New to swing dancing? Here's what you need to know to get started!
Swing dancing is a category, not a single dance. Similar to how ballroom includes waltz and foxtrot, and latin includes salsa and bachata, swing includes many different styles. We offer many of these at our studio.
If you're starting fresh and are interested in taking lessons, we have 6-week series in several styles that have beginner-level options:
- Swing 1 (lindy hop)
- West coast swing 1
If you're looking for help deciding you can read our description of swing dancing styles, or email us if we can help. To get started you can see lessons in our studio calendar, or view our upcoming sessions.
If you're not ready to jump into lessons yet, come out to a dance instead to try things out! All our dances are preceded by a drop-in beginner lesson included in the ticket price. This is a great way to get your feet wet with one style or another. Just check out our studio calendar to see what's coming up. Our regular dances include:
- Our weekly swing / lindy hop dance: Monday Night Swing
- Our monthly west coast swing dance, 1 Saturday a month
- Our monthly blues dance, 1 Saturday a month
What to expect
There's no partner or experience required to come out to our lessons and dances. Just wear comfortable clothes and bring a pair of indoor shoes that you can walk and pivot in (we recommend not to wear heels or to use bare feet, although socks can be ok). There's no formal attire needed or expected. Bring a water bottle too if you want! It's a good idea to show up about 10-15 minutes early to your first class so that you have time to sign in and get ready.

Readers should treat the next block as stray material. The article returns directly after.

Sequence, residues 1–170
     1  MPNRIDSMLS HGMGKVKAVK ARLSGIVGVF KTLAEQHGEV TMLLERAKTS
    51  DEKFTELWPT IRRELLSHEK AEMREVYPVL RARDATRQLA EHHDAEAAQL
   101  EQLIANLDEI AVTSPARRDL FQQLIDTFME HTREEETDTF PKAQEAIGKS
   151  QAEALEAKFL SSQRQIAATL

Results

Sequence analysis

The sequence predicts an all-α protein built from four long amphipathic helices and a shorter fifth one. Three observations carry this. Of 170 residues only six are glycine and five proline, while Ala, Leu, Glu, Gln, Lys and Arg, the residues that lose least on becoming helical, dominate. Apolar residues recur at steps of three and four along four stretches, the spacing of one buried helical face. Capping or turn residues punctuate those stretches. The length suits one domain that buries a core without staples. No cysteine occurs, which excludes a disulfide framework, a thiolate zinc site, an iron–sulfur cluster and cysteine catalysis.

Partnered swing dancing is role-based, with one person being the lead and the other the follow. People stereotypically associate the lead with a male partner and follow with a female partner, however this doesn't need to be the case at all. The lead's goal is to initiate or suggest moves (for example, initiating an outside turn), and the follow's goal is to react and respond.
Swing dancing is a social and improvised dance. It's not based on set sequences that you need to prepare ahead of time with a partner. Rather, we learn the physical communication needed to allow partners to improvise together along with the music, whether the partners have danced together before or not. Typically, dancers will do this by combining familiar moves (turns, passes, etc) in whatever order and combination they feel like in the moment. Dancing in this way is similar to speaking a language: if two people know English they can communicate with each other even if they've never met before, if some of the words they know are different, or if they have different accents.